Professor Wessely may not have tried any "alternative" treatments at all but his opposite numbers at similar clinics, around the UK, have suggested patients try such things as Acupuncture, Emotional Freedom Techniques and Tai Chi, thus muddying the research waters even further and Dr Esther Crawley is currently assessing the unproven Lightning Process on children.

Perhaps the main reason why some people's frustration boils over into anger is that Professor Wessely and those of his school of thought and practice continue in this unjustified way, hogging all the money and distracting funding from promising biomedical research but I suggest that this energy would be better channelled into privately funded (because no public money is forthcoming) research of a quality that would allow Professor Wessely to retire and hang up his whatever psychiatrists hang up.

Yours sincerely,

Dr John H Greensmith
ME Community Trust.org

 

The above originally appeared on the Co-Cure mailing list here.

 

And from Joan Crawford, Chair of Chester MESH:

 

WritingDear Editor,

You do the reputation of your paper few favours by printing such one sided journalism as was done by Stephanie Marsh in Saturday's edition of the Times (6th August).

The article contained numerous assertions which were supposed to make us feel sorry for the poor Professor and serve to make people with ME appear unreasonable at best. Such drivel only feeds into the dismissive attitudes of healthcare professionals and hostility, disbelief and ridicule that pwME (people with ME) have to face daily.

Where is your journalistic integrity? When are you to balance what appears to be only Prof Wessely's view with that of those who have published extensively that he is and, always has been, misguided about ME.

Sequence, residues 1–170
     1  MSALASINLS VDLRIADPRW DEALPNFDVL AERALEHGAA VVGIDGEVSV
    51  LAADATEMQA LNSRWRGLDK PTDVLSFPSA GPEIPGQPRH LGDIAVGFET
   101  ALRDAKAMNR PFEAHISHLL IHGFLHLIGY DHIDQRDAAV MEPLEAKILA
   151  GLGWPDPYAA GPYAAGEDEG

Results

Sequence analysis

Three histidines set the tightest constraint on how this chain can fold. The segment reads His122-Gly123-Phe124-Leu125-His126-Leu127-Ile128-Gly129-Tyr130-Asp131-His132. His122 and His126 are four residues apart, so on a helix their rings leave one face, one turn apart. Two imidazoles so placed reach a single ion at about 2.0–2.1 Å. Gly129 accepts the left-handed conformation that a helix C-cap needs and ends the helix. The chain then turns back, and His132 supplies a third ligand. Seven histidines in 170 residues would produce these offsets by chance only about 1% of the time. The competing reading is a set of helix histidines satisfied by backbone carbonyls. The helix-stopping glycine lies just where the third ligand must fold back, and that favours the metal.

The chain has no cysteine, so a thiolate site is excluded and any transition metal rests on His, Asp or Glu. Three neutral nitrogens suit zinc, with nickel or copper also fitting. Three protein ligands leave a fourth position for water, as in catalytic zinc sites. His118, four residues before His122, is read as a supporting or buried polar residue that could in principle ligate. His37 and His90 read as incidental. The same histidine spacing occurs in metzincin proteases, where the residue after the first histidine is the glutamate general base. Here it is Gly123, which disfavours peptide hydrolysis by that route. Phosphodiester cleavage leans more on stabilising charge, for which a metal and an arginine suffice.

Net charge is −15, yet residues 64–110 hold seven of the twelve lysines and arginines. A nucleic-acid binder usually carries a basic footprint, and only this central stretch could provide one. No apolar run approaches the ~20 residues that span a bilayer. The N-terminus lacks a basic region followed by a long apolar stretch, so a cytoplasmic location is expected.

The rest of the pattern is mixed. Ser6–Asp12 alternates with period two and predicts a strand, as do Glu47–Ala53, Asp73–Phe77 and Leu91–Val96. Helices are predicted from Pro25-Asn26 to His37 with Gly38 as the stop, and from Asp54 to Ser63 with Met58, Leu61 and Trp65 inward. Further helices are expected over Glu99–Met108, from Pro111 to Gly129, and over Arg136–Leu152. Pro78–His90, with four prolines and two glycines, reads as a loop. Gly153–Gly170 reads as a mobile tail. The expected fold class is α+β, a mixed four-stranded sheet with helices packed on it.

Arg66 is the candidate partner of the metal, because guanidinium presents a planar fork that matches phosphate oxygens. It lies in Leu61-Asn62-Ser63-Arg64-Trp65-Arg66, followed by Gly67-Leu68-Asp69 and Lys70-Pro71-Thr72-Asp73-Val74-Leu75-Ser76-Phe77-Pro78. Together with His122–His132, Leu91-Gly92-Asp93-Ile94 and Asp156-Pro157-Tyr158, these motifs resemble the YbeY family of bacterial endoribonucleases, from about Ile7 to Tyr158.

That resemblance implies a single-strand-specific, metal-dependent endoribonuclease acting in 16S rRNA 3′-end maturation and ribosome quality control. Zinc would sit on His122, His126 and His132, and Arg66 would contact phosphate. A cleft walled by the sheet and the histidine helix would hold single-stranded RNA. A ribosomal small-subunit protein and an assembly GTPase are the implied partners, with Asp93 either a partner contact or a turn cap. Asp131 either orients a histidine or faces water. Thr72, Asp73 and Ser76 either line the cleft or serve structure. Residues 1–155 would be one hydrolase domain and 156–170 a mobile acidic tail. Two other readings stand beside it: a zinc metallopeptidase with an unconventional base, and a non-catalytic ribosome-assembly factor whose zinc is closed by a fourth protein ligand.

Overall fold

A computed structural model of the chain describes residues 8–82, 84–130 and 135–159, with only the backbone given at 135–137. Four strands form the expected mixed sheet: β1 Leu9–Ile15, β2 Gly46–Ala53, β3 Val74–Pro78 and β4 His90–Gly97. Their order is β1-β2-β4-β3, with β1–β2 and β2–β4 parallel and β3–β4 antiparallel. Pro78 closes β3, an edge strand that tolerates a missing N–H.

Prof Wessely confuses "chronic fatigue" with the neurological disorder ME. He does not appear able to tell the difference. Chronic fatigue is a symptom of more than 10,000 medical disorders. The trial that he claims evidence for success in 1/3rd of patients is misleading as it was conducted on patients whose only entry criteria was "fatigue". Fatigue is not the main symptom of ME. It is overwhelming post exertional neuro-immune malaise and exhaustion that leaves patients unable to function or care for themselves. This is not being tired or being fatigued. In its more severe forms it leaves patients unable to wash, feed and bath themselves. No CBT/GET trials have ever been conducted on such severely affected patients as it would be inhumane to do so. One wonders what other medical condition claims success for a treatment when it would be ridiculous to use it on those who are sickest? Evidence for exacerbations of symptoms, severity and neuro immune and inflammation abounds in the medical literature that Prof Wessely chooses to ignore and refuses to engage with due to his pathological belief that if only we'd stop thinking we were ill and rose out of our beds to be more active we would get better. We have tried it. It makes us sicker, sometimes permanently so.